Here are the six corona tips, covering issues from the large to the smallest imaginable, that most seem to check the twin boxes of generally not known but generally helpful to know for health and/or financial reasons.
1. You may be able to skip a mortgage payment…but you still owe it
Most people don’t know whether their mortgage is backed by the government or not, since it’s a “mortgage servicer” that sends them the bills and answers the phone. If it is, you get a reprieve. That doesn’t mean you never have to pay. You just don’t have to pay now. To find out if yours is or isn’t, call the number on your bill, but expect to wait on hold long enough to make Comcast blush.
2. Your landlord may not be able to evict you
Likewise, if you rent an apartment in a building with a government-backed mortgage as many tenants do, a specific provision in the CARES Act applies—there is a 120-day moratorium on evictions.
Obviously, no one ordinarily has any clue whether this applies to them or not, but it’s worth finding out. Otherwise, no CARES Act provision benefits renters. As a practical matter, eviction proceedings have come to a halt in many states or cities, and some are outright preventing it. There is no “official” list of these jurisdictions but try this website. They seem legit.
There may be no risk to your credit score either — landlords rarely report to credit agencies because for them eviction has been the go-to remedy for non-payment. Yours may start doing this but obviously they would threaten you with it first since reporting does no good if the tenant doesn’t know they’re being reported.
Not just for rent, but In all bill-paying cases, those of us who are not familiar with “stretching” strategies might not realize that, for just about any bill, partial payments and proactive communication go a long way towards not getting cut off.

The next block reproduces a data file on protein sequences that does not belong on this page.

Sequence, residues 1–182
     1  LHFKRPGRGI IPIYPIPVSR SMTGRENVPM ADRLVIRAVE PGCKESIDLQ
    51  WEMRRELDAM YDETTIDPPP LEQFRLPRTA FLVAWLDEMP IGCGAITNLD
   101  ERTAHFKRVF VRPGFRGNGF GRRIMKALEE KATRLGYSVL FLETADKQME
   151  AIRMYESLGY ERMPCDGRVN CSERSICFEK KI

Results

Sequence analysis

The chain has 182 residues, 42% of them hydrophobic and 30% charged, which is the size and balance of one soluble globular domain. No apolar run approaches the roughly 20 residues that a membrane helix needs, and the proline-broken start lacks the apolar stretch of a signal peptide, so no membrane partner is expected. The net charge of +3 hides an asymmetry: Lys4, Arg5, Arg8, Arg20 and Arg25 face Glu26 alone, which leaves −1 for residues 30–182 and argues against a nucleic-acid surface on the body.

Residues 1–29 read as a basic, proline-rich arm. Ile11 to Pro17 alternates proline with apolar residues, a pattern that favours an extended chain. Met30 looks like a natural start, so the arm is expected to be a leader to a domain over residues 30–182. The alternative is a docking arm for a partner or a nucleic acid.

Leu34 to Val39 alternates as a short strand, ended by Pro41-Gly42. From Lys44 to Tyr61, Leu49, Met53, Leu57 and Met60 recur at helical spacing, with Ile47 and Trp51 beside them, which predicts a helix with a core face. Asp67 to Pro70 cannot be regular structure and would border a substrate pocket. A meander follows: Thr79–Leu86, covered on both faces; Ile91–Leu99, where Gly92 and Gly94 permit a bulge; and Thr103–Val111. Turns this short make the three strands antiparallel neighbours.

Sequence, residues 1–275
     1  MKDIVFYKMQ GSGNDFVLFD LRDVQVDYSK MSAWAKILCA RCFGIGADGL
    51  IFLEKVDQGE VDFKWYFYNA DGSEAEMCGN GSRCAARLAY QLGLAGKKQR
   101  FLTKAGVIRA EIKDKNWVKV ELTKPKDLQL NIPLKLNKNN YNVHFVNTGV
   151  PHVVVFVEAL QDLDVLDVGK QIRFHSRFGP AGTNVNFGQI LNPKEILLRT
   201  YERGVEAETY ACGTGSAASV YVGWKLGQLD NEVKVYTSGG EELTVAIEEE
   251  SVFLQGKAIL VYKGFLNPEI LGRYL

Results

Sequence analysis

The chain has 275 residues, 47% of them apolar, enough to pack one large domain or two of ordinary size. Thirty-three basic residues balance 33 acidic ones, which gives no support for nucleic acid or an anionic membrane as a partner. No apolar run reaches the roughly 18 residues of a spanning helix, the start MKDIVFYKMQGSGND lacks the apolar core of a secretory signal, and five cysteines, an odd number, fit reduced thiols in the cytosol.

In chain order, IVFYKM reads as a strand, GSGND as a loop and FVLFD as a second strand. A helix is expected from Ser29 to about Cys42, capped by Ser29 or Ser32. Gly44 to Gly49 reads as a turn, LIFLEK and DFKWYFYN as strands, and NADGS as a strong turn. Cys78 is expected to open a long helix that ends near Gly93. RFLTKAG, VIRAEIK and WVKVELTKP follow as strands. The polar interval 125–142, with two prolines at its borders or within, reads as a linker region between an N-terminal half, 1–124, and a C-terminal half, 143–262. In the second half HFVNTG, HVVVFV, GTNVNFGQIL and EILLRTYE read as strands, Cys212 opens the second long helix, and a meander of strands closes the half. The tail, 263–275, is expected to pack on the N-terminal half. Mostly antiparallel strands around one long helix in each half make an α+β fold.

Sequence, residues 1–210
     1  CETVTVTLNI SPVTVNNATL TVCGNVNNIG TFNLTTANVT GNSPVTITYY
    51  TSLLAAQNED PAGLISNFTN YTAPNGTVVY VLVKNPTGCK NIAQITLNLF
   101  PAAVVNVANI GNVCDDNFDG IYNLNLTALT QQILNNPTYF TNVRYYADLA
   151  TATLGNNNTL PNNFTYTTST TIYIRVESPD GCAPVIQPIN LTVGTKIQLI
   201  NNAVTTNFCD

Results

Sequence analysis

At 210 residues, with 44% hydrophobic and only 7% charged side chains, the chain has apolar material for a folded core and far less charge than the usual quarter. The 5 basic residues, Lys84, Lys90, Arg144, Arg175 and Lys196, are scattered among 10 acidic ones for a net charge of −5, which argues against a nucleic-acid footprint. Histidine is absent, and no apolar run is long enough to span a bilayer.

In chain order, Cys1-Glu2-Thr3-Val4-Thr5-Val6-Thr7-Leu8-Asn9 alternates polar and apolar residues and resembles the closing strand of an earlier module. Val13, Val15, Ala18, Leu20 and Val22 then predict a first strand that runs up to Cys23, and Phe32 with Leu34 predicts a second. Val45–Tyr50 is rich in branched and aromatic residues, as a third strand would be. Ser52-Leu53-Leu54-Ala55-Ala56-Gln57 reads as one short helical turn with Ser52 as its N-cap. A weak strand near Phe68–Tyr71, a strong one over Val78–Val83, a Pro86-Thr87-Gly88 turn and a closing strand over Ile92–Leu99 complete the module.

3. Baby, you should drive your car
Spending insufficient time in their car is not a problem most Americans have ever experienced, to put it mildly.
It’s not enough to idle the car…or even to drive to the store, as many of us do. You actually have to drive it once a week and far enough to get the engine fully warmed up. If you can take a spin on the highway every other week, all the better. No need to take our word for this. Cars are designed in the expectation that they will be driven. Just google it. Attention to this now may save you expensive repairs down the road, so to speak.
4. No product on the internet “boosts” your immune system
Google on “boost your immune system to prevent coronavirus” and you’ll get 11 million hits, virtually all of which are wrong – including zinc, essential oils, and the “electrolyte elixir drink.” (We can’t make this stuff up.) Here is a good example of the right answer:
“Obviously good and balanced nutrition is important, but I actually do not think there is any strong scientific evidence for any specific type of food being linked to better immune function, and certainly there is no serious work on the are that I am aware of,” says Shiv Pillai, a professor of medicine at Harvard Medical School and director of the Harvard immunology program.
5. Drink gallons of tonic water only if that’s your idea of a good time
Tonic water is flying off the shelves, because the active ingredient is quinine, as found in the remedy-du-jour of hydroxychloroquine (Plaquenil).
Where to start? First, you’d have to drink maybe a dozen bottles of tonic water to get to the level of quinine found in Plaquenil. Even then, it’s not the same formulation, and even then, it is very far from clear that the latter has any noticeable beneficial impact in the prevention or treatment of coronavirus. (We were skeptical of this one early on.)